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New study reveals a third of Kiwis are sleep deprived


15 FEBRUARY 2016

New study reveals a third of Kiwis are sleep deprived

• 35 – 49 year olds revealed as most sleep deprived

• Women suffer from poorer quality and quantity of sleep

• Stress, emotions and electronics noted as key sleep disruptors

New research delving into the health and wellbeing of New Zealanders has found that more than a third (35%) of Kiwis report not getting enough sleep, or that the quality of their sleep is compromised. Among those aged 35 to 49, the figure rises to 42%.

The study, released by Sovereign, revealed females were more likely to express dissatisfaction than men about the quality and quantity of sleep they’re getting (38% compared to 32%).

Dr John Mayhew, Sovereign Chief Medical Officer, says the value and health benefits associated with a good night’s sleep shouldn’t be underestimated.

“Sleep is critical to our health and overall wellbeing, impacting key areas of life, such as maintaining a healthy weight and a resilient immune function,” says Dr Mayhew.

The report shows that nearly half (46%) of respondents felt unhappy with their physical fitness and the same amount reported feeling dissatisfied with their weight. Thirty-one per cent were also dissatisfied with their physical appearance.

“The reality is poor sleep patterns can have a negative flow on effect, if you’re tired you’re less likely to prioritise exercise and healthy eating. If you sleep well you’ll feel both mentally and physically energised and alert and more likely to make better decisions about your health, including fitness and diet.”

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Dr Alex Bartle, sleep doctor and director of the Sleep Well Clinic, says there are a number of common reasons people may not be getting enough sleep.

“It might be that, in the short-term, you simply have a lot on. Stress is a well-recognised factor linked to a disrupted night’s sleep. It’s also important to understand how your daily lifestyle may be impacting your melatonin levels and sleep. Melatonin is produced by your brain and signals to your body that it’s time to sleep. Exposure to bright light can supress melatonin while darkness promotes it.

“Developing a sleep routine is important. Try to go to bed and get up around the same time every day, even in the weekends. I also recommend turning your bedroom into a sleep-only haven; simply removing the TV and all electronic devices from the place where you sleep can work wonders,” continues Bartle.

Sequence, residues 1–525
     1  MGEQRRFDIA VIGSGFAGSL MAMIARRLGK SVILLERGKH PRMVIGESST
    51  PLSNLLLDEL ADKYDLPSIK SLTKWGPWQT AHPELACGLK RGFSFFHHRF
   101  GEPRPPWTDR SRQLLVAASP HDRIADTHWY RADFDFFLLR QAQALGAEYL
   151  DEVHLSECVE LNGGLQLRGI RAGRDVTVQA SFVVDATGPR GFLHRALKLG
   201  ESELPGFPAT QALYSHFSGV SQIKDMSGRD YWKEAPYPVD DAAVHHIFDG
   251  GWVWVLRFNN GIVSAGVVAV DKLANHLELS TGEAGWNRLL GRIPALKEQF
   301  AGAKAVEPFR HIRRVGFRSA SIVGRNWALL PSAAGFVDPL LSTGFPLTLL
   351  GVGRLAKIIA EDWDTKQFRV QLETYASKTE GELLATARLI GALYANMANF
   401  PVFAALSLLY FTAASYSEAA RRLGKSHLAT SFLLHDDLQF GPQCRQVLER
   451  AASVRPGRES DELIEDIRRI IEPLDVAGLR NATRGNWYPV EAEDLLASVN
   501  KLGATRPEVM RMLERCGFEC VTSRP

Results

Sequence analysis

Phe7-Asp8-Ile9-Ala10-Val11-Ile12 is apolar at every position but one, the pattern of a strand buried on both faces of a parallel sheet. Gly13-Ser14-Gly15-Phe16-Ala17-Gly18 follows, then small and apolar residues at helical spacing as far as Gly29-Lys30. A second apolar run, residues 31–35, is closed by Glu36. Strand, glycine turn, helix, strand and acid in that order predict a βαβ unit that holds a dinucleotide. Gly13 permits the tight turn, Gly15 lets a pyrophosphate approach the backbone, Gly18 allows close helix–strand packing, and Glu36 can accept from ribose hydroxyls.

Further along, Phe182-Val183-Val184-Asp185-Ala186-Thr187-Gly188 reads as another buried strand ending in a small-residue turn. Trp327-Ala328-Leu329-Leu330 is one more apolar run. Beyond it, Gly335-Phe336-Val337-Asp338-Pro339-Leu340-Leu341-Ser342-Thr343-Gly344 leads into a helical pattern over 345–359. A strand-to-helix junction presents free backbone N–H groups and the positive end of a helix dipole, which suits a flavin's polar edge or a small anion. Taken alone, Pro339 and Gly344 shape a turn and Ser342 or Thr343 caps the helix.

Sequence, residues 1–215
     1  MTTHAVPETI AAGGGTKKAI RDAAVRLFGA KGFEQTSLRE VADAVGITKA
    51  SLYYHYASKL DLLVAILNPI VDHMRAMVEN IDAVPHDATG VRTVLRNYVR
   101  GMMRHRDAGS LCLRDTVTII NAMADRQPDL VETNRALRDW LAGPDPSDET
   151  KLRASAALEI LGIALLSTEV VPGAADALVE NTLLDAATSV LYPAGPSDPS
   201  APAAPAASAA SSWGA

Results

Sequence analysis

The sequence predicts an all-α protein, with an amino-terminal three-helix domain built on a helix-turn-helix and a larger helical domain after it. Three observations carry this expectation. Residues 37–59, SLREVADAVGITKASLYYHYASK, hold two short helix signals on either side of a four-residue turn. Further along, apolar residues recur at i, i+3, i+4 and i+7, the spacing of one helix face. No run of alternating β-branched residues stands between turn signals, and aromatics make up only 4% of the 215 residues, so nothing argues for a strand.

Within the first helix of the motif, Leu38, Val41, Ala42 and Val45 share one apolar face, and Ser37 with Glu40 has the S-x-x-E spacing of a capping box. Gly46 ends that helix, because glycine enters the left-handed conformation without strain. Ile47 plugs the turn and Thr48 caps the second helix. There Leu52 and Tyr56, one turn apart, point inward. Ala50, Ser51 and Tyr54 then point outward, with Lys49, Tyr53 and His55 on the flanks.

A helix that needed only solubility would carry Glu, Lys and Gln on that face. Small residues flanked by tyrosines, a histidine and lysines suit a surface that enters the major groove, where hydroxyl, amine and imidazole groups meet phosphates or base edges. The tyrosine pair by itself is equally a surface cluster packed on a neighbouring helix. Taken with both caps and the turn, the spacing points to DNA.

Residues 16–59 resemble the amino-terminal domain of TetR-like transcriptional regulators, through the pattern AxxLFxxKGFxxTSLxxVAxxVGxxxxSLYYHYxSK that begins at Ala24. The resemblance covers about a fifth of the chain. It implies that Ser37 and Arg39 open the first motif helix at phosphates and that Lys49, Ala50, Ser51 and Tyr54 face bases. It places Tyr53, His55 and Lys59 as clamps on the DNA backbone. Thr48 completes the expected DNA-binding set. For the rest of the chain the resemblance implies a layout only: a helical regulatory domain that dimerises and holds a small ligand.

According to Dr Bartle small lifestyle changes can vastly improve the quality and quantity of the sleep you are getting. These include:

1. Reduce alcohol consumption and the amount of food you eat before going to bed

2. Increase exercise but avoid late night exercise giving the core body temperature time to drop before bedtime

3. Make the most of the morning sunlight to supress melatonin. By suppressing melatonin in the morning it allows it to surge at night, signalling the body to prepare for sleep

4. Limit ‘snooze’ time in morning – set your alarm five minutes earlier rather than half an hour and make the most of the extra sleep

5. Try relaxation strategies like meditation, abdominal breathing and yoga to reduce anxiety and stress levels

6. Write down emotional concerns or worries on a piece of paper at least one hour before bed and then throw it away

7. Avoid electronic equipment including iPads, computers, phones and game consoles before bed – the blue backlight suppresses melatonin

8. Keep phones and clocks out of sight and out of reach, reducing the urge to check them throughout the night

Sovereign undertook the research to hone in on the health habits and trends of New Zealanders. As a leading New Zealand life insurer Sovereign has been taking care of Kiwis for the past 25 years and believes it has a key role to play in helping New Zealanders improve their health and wellbeing.


About the research

The research was conducted for Sovereign in 2015 with respondents weighted by age and gender based on Department of Statistics population estimates. The survey sample represents results gathered from 1,599 people aged 25-74 from across New Zealand.

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